I learn from everybody except those who try to shutdown the conversation.

  6. #80
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    Two young couples were in a store and my wife decided to use the bathroom at the far back corner down the hall way. I hung along the back wall outside the hallway. One of these young guys makes it a point to try to walk up behind me. I turned and went down one of the aisles. I found a place where I could back up against a big pipe running through the roof and down through the floor. I kept the shopping cart in front of me and faced out towards the end of the aisle. This young guy literally ran across the end of the aisle and stopped for a second and looked at me. I was in a defensive stance with my hand on my gun in my pocket and I didn't have to tell him that he was making a mistake because he ducked back out of that aisle as quickly as he ran into it and I didn't see him again until we were leaving the store. He was in the check out line with his friends and I smiled at him as we left and he gave me an angry look. I reacted to what was happening not to what I was expecting to happen. I think we both knew that I would have drawn the gun if he had came down that aisle after me.
    Renaldow likes this.

  7. #81
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    Quote Originally Posted by Mike1956 View Post
    Sixty two thread responses, 845 thread views, and only twenty five votes. The only thing I'm guessing is that your attempted poll enjoyed little overall interest.
    I didnt vote, none expressed anything I could vote on without more specifics or qualifications.
    Renaldow likes this.

  8. #82
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    Quote Originally Posted by 9MMare View Post
    I didnt vote, none expressed anything I could vote on without more specifics or qualifications.
    I wish I could have been more specific, but when you type the poll up, you are only allowed a short sentence for each choice. I tried to add qualifications in the first post, but some here apparently get weary if too many assumptions/qualifications are brought up. And it's hard to qualify it after the original post without getting some criticism as well. Plus, the first post is fairly long as well.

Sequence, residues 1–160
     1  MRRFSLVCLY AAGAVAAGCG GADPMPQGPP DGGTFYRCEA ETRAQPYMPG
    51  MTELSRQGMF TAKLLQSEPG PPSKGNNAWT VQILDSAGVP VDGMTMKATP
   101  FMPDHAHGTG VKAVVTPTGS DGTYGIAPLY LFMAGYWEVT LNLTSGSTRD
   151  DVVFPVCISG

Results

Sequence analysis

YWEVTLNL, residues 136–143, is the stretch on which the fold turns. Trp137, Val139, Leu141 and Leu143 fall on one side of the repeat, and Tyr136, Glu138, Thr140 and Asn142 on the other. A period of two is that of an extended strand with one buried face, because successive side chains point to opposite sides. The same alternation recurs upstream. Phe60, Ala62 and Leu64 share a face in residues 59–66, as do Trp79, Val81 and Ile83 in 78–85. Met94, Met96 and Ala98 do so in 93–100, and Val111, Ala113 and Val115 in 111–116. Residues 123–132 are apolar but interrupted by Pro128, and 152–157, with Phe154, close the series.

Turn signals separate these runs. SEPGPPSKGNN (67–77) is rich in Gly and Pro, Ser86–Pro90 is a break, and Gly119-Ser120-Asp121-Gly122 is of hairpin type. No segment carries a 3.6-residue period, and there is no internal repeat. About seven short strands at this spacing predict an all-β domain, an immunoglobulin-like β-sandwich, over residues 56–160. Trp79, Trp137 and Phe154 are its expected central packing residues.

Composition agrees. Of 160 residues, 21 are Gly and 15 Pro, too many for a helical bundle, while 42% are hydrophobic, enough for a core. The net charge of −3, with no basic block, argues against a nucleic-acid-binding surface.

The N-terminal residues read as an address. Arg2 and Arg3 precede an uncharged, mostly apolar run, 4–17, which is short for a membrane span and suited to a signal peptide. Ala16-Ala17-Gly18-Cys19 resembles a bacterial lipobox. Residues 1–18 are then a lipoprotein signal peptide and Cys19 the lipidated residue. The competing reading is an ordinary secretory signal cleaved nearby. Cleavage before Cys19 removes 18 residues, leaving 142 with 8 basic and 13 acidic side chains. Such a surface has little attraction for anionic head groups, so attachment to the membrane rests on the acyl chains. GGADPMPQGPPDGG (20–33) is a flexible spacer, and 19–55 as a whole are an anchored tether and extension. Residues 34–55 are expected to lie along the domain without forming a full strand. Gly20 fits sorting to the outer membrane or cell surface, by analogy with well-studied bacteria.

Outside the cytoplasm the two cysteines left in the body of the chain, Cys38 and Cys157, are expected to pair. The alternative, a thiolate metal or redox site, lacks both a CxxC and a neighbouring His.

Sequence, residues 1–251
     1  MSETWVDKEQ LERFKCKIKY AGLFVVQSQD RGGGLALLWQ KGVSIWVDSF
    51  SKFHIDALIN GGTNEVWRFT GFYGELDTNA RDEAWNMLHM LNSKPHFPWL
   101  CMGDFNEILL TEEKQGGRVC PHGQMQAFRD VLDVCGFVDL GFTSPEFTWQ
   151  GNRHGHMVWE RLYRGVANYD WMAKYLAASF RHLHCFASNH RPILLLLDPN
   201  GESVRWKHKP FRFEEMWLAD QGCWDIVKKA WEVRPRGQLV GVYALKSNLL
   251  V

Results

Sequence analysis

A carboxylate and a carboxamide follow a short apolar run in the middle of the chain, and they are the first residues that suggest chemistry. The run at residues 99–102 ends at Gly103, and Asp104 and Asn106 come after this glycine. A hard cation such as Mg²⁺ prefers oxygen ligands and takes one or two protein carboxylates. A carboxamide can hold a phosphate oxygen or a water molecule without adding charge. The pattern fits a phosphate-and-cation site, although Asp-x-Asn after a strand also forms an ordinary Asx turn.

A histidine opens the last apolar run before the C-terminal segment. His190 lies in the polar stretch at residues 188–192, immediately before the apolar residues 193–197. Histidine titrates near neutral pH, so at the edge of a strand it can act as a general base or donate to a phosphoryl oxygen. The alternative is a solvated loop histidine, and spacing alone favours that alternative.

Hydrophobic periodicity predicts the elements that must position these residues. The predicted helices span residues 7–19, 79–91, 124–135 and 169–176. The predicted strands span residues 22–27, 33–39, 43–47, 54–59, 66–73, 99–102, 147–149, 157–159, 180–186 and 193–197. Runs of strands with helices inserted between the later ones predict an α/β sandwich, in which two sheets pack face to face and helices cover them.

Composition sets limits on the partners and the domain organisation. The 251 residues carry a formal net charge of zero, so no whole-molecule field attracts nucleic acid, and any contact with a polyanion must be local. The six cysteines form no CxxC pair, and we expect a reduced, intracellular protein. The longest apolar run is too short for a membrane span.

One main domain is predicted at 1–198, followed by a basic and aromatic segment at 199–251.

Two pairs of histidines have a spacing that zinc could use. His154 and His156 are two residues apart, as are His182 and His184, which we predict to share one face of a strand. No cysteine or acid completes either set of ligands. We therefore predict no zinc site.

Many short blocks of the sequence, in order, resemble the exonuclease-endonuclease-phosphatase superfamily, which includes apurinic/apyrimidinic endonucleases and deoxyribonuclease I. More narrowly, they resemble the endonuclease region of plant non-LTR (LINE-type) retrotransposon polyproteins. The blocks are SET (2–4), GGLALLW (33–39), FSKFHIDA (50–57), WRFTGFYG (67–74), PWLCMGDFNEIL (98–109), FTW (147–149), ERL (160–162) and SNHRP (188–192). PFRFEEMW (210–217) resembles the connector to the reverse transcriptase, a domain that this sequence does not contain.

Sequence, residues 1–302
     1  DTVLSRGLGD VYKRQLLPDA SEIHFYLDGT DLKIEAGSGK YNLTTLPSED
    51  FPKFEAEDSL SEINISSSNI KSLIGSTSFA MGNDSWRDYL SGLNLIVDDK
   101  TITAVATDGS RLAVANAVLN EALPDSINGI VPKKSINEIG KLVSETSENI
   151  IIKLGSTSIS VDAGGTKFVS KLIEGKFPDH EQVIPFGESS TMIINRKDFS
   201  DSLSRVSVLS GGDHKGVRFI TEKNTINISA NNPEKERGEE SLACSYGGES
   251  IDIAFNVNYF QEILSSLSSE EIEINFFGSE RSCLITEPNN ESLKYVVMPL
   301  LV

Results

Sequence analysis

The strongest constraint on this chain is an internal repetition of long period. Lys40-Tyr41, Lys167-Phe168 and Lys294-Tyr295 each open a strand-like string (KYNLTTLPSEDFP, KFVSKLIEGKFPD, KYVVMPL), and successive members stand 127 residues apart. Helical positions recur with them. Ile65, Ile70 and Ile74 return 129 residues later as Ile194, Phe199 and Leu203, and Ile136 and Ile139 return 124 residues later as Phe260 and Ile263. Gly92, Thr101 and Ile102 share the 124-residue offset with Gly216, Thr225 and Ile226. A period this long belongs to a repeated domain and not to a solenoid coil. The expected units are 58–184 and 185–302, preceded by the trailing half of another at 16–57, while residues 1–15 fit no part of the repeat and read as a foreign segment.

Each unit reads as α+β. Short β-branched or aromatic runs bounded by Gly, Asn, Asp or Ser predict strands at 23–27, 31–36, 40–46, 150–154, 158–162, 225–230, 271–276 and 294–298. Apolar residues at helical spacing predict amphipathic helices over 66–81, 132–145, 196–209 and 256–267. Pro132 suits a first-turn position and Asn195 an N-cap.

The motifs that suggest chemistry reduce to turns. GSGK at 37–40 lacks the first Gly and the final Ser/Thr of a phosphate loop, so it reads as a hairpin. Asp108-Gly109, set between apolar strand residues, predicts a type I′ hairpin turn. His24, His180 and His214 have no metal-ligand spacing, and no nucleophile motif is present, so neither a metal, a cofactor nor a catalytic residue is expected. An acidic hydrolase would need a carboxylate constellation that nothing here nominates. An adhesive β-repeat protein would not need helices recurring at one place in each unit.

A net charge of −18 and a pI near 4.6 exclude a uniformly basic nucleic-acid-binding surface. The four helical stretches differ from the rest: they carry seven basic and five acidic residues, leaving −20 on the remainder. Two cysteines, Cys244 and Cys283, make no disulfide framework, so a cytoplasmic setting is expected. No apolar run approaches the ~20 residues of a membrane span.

9. #83
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    Quote Originally Posted by erichard View Post
    Maybe so. I'm running out of things to read and watch and discuss.

    I will say that often instructors aim to teach what is clear and without gray areas. The legal gray areas where there is tremendous controversy can be glossed over, partly because there is no good answer, and partly because the instructor doesn't want to be responsible for vicarious liability, where controversial scenarios and solutions may be misinterpreted or misremembered, etc. The training often sticks to simplistic rules. Some here are caught up in this mentality too. The simple questions are simple. The complicated, gray areas in scenarios are complicated. Those are the interesting questions that apparently some feel are brought up "ad nauseam". I suspect many don't feel the same. Those are the people I'd like to sort out the reasonable man logic with. If there are attorneys on the board, even better.
    I'm thinking that after you go through decent force-on-force training, you will realize that the clarity you are striving for often simply doesn't exist. It's all gray. Questions about times, verbal warnings, distances, and other what ifs can only be honestly answered with "It depends".
    Bad Bob, AzQkr, Renaldow and 2 others like this.
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  10. #84
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    I did not vote. Every situation is different and should be dealt with differently. Every problem is not a gun problem. How do you decide if someone is "suspicious"?
    9MMare and bmcgilvray like this.
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  11. #85
    MJK
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    I have been in this exact position. My response was to thrust out my weak side arm while protecting my strong side with hand on weapon and yelling "stop, stay away and don't come any closer." This occurred as my adversary approached the "30 foot red line" which is the minimum distance I can tolerate from an approaching threat.

    It worked. He stopped like he hit a brick wall, turned, and walked away cussing like a highly dissatisfied DI.
    [T]he unlimited power of the sword is not in the hands of either the federal or state governments, but, where I trust in God it will ever remain, in the hands of the people. ---Tenche Coxe, The Pennsylvania Gazette, Feb. 20, 1788.

  12. #86
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    Quote Originally Posted by GpTom View Post
    Two young couples were in a store and my wife decided to use the bathroom at the far back corner down the hall way. I hung along the back wall outside the hallway. One of these young guys makes it a point to try to walk up behind me. I turned and went down one of the aisles. I found a place where I could back up against a big pipe running through the roof and down through the floor. I kept the shopping cart in front of me and faced out towards the end of the aisle. This young guy literally ran across the end of the aisle and stopped for a second and looked at me. I was in a defensive stance with my hand on my gun in my pocket and I didn't have to tell him that he was making a mistake because he ducked back out of that aisle as quickly as he ran into it and I didn't see him again until we were leaving the store. He was in the check out line with his friends and I smiled at him as we left and he gave me an angry look. I reacted to what was happening not to what I was expecting to happen. I think we both knew that I would have drawn the gun if he had came down that aisle after me.
    Man, you make life interesting.....
    My rifle and pistol are tools, I am the weapon.